A steering committee leads this community effort under the aegis of the Mayor’s Climate Protection Committee and the Interfaith Climate Action Group, and many sponsors and endorsers have signed on to support the competition and participants.

    The Edmonds Taming Bigfoot competition was patterned after the successful 2016 effort by Jefferson County. Last November, the Edmonds City Council heard a presentation by retired NASA climate scientist Bob Birdschadler, one of the driving forces behind the Jefferson County competition. According to Birdschadler, the insights, lessons and lifestyle changes in the competition really stick, with participants reporting that they’re still practicing carbon-reducing behaviors a year after the contest ended. Edmonds organizers hope to match Jefferson County’s success in reducing its carbon footprint.

    During the month of January, participants established their “carbon baseline” by tracking such things as miles driven, pounds of garbage produced, foods eaten, gasoline burned, use of heat, water and electricity, and even food purchased and prepared.

    “We aren’t looking for any changes in activities during January,” said Stan Gent, who administers the website, oversees data input and takes care of all the “below decks” machinery that keeps the competition humming along. “The real fun begins in February, when teams will start taking positive actions like driving less, lowering thermostats, and cutting back on water and power use. The goal is to show improvement. So ideally, I’d want someone on my team who generates carbon with abandon during the baseline month, so future months will show significant reductions in their carbon footprint.”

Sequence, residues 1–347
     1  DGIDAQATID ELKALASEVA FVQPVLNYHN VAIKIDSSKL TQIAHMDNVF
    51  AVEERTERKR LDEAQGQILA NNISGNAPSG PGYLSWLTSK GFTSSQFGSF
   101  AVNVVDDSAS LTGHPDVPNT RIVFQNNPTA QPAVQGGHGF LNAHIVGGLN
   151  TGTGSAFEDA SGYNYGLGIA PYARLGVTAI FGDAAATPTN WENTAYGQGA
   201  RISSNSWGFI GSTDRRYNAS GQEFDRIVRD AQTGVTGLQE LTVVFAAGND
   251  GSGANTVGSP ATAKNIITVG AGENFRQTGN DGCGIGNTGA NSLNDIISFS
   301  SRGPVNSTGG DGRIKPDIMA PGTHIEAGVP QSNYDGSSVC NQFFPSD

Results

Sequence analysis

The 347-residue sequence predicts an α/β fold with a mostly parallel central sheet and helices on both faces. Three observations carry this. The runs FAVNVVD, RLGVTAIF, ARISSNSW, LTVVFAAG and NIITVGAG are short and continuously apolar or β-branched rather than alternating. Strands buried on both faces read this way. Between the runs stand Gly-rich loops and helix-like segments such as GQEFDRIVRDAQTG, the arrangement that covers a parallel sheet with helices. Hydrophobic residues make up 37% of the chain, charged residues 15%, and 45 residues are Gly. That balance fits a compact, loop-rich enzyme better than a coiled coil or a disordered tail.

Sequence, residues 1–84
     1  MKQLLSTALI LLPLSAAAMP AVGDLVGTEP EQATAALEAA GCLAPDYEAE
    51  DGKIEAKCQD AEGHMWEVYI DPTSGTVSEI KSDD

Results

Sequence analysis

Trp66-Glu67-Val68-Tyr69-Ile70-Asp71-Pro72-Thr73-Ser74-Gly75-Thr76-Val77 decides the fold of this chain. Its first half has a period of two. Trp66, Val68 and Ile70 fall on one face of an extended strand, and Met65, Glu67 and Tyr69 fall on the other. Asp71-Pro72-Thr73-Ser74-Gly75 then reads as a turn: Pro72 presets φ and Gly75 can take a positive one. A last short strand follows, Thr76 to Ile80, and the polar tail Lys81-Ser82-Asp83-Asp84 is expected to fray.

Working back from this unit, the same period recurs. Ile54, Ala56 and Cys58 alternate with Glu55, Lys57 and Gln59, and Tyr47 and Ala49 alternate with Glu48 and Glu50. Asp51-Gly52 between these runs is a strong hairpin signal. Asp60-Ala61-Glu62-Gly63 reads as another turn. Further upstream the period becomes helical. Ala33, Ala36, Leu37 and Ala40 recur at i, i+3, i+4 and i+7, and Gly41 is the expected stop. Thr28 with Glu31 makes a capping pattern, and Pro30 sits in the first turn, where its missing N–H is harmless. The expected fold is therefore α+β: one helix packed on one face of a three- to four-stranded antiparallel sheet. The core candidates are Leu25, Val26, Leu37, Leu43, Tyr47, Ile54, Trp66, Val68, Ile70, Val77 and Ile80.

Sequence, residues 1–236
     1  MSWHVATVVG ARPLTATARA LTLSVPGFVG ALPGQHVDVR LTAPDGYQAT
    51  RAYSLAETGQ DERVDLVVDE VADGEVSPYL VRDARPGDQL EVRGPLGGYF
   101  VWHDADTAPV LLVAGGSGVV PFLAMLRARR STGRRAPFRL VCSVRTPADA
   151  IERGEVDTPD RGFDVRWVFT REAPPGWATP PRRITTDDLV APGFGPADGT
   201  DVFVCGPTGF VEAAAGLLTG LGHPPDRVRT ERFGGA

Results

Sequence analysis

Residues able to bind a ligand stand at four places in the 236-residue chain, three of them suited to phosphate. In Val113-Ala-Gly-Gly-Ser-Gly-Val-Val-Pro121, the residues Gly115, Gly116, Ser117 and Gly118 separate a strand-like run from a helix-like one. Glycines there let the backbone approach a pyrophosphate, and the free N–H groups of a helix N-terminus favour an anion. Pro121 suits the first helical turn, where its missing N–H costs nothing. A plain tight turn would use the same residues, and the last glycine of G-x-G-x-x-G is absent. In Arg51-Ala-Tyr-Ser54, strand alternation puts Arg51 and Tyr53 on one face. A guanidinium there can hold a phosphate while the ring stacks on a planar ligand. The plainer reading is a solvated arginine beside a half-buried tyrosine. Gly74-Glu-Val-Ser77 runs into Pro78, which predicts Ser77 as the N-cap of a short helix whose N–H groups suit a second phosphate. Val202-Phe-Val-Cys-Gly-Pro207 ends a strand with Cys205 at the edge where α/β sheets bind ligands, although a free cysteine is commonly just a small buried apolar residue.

Gent himself is kept hopping, working the Taming Bigfoot back office functions. “I’m not on a team myself,” he laughed. “I’ve got enough work to do just stoking the competition machinery and keeping it running smoothly.”

    And many of the participants are finding it more work than they imagined.

    “Yes, it’s definitely more of an effort than I expected,” said Anne Wermus, a team member who also serves on the Taming Bigfoot steering committee. “I find myself inputting data several times each day, and more than that, I’m thoughtfully examining every action I take, thinking about how much carbon I’m generating. It always seems to be top-of-mind these days!”

    Wermus also confessed that it’s tempting to ruin her baseline by taking positive actions now.

    “I’m thinking more about my choices at the grocery store, and concentrating on produce and other items that are produced close to home and without chemical fertilizers or additives,” she added. “The less they have to travel to get to me, the less carbon is added to the atmosphere in transporting them.”

    For others, the competition provides an expression of deeply-held personal values.

    “I’ve always been a dyed-in-the-wool environmentalist,” said team member Gayla Shoemake. “I honestly feel that the global climate change situation is at the point where time is fast running out. If everyone could reduce their carbon footprint by even ten percent, it would slow this down significantly.